Ethiopia is one of the fastest growing economies in Africa and in the world. It aspires to become a middle-income country by 2025 without increasing its net greenhouse gas emissions and protecting itself against the negative impacts of climate change. Ethiopia has long recognized the link between environmental concerns and economic development.
The country has historically been prone to extreme whether events. High rainfall variability causes droughts and floods on an almost annual basis, with severe consequences for the country's economy and people. No doubt, the social and economic costs arising from climate variation and climate extremes are significant, and expected to become even more severe under climate change. If no adaptation measures are taken, climate change may reduce Ethiopia's GDP by as much as 2.5 per cent per year by 2050.
The government of Ethiopia, therefore, recognizes the importance of designing development policies with a view to mitigate the impacts of climate change. For Ethiopia, green growth is a necessity as well as an opportunity to be seized. It is an opportunity to realize the country's huge potential in renewable energy and a necessity so as to arrest agro-ecological degradation that threatens the lives of its citizens.
Against this backdrop, in the Growth and Transformation Plan (GTP) the issue of sustainable development has been given much emphasis. Moreover, the seven strategic pillars of the GTP deal with sustaining rapid and broad based economic growth. Hence, the government launched the Ethiopia's Climate Resilient Green Economy (CRGE) Facility in August 2012 to ensure sustainable and environmentally friendly economic growth.
Ethiopia's emission of CO2 is insignificant compared to the developed nations. Needless to say, climate is a major environmental resource that affects nearly all human activities. Ethiopia's contribution to the increased concentration of greenhouse gases in the atmosphere is negligible. But it is highly sensitive to climate change and variability. It has large arid and semi-arid areas as well as development sectors which have already suffered much from the vagaries of climatic variations and are likely to suffer seriously due to the occurrence of a shift in climate.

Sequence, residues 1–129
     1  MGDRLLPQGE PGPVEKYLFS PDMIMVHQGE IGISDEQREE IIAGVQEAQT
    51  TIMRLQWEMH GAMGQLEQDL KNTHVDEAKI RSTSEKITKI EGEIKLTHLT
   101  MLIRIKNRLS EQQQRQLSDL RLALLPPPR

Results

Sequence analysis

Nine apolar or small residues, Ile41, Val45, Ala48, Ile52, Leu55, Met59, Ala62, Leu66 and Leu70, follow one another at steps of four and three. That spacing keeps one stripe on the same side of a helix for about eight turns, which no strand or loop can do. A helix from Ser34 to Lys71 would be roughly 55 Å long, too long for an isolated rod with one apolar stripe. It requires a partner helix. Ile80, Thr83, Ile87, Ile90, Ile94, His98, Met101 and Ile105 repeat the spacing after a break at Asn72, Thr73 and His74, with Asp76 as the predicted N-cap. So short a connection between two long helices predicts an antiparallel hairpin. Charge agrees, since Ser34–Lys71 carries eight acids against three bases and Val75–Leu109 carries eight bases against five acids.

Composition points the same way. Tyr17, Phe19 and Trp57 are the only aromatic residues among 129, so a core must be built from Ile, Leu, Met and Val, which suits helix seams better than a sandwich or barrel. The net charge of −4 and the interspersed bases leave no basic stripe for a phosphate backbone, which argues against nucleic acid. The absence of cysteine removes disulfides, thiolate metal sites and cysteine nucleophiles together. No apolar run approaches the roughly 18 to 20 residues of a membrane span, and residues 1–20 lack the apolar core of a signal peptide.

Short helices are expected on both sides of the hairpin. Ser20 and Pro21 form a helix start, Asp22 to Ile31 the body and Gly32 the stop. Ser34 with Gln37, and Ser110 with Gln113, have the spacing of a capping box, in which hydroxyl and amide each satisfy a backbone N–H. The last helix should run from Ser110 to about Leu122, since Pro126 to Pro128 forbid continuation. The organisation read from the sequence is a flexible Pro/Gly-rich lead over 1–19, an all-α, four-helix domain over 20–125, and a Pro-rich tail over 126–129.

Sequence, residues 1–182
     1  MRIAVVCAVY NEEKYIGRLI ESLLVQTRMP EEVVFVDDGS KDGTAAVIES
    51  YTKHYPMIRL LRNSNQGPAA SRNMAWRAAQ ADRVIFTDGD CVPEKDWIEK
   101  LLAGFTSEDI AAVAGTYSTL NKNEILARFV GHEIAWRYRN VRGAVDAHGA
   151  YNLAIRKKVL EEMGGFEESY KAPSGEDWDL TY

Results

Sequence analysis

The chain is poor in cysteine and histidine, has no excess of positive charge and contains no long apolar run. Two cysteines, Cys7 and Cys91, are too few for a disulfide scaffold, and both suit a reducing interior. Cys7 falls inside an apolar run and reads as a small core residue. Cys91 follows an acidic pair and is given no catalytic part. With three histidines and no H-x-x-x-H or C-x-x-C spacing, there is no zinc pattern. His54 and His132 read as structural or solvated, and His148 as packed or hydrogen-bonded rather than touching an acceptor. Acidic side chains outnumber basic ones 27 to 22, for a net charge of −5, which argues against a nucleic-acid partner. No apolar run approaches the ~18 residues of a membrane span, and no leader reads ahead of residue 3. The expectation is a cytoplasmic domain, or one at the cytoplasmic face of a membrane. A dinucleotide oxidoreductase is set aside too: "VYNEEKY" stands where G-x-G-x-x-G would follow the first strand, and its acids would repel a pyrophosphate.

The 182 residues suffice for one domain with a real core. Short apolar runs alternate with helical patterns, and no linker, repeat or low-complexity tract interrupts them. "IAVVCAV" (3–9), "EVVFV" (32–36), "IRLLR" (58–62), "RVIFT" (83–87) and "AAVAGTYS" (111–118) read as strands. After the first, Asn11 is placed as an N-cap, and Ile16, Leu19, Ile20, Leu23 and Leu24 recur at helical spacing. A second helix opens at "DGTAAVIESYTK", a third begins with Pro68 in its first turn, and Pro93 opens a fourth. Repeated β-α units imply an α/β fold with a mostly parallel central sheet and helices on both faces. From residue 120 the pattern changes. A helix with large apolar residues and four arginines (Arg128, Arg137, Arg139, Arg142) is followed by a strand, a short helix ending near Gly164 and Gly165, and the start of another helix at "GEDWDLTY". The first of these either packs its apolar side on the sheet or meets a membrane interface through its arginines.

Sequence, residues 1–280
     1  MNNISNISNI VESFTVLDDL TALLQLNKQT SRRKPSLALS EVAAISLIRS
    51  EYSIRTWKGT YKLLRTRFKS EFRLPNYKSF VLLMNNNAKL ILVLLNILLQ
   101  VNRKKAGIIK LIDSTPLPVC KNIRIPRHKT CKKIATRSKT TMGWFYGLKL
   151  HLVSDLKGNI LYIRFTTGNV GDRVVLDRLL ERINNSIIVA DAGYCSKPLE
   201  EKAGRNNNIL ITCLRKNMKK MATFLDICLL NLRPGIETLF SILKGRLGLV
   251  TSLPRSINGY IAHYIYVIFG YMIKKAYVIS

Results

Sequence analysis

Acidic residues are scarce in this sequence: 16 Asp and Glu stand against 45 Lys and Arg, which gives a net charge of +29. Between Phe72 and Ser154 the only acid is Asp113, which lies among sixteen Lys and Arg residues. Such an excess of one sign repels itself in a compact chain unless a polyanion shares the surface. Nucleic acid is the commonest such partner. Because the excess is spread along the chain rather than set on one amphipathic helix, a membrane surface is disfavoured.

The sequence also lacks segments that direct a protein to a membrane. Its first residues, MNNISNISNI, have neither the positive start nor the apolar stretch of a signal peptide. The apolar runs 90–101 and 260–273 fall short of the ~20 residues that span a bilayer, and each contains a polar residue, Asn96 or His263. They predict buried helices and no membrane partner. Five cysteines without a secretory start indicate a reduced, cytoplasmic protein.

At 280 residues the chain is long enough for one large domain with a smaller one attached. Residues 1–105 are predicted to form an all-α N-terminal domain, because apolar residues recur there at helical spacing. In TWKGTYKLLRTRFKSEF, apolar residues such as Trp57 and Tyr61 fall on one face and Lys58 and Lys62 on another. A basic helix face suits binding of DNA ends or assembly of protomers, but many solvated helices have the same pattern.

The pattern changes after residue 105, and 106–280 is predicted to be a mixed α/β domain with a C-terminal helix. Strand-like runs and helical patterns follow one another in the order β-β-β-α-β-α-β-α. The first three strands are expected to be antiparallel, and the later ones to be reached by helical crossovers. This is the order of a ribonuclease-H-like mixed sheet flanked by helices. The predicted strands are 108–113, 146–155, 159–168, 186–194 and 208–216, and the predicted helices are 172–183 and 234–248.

Thus, the adverse impact of climate change has the potential of hampering the astounding socio-economic development already gained. The impact in climate change is inevitable for at least the next few centuries. Therefore, the formulation and implementation of a climate change adaptation programme is a must for this economically emerging country. Thus, recognising the close links between environmental and development concerns, Ethiopia has been working to integrate climate considerations into its broader development planning processes.
The Ethiopian Climate Resilient Green Economy (CRGE) initiative, which was launched in late 2011, laid the foundation for integrated planning for climate-resilient development. The CRGE initiative aims to "climate-proof" its national development plan goals so as to stabilise its net greenhouse gas emission while building resilience against current climate risks and future climate change. In due time, it aims to go beyond climate-proofing, to fully align its green growth and climate resilience objectives with its future national development plans. The CRGE initiative led to establishment of new institutions, new efforts in capacity building and financial resource mobilization and triggered comprehensive climate risk and vulnerability analyses.
The country's decision to develop a strategic, national-level response to climate change has been triggered by a strong awareness about climate risks and strong political leadership. The historically high exposure to climate variability has created strong awareness about current and future climate impacts in Ethiopia. The CRGE process builds on Ethiopia's five-year national development plan, with a view to ensuring that Ethiopia's development targets are achieved in a low-carbon and climate resilient manner. The CRGE's three key objectives are fostering growth and economic development; managing greenhouse gas emissions and improving resilience to climate change. This marks a significant shift in the nation's climate change policy, lifting both climate change mitigation and adaptation from the environmental to a cross-governmental sphere. To fully mainstream climate resilience and green growth into development planning, the government aims to incorporate the CRGE into its next national development plan, which will cover the period 2015- 2020.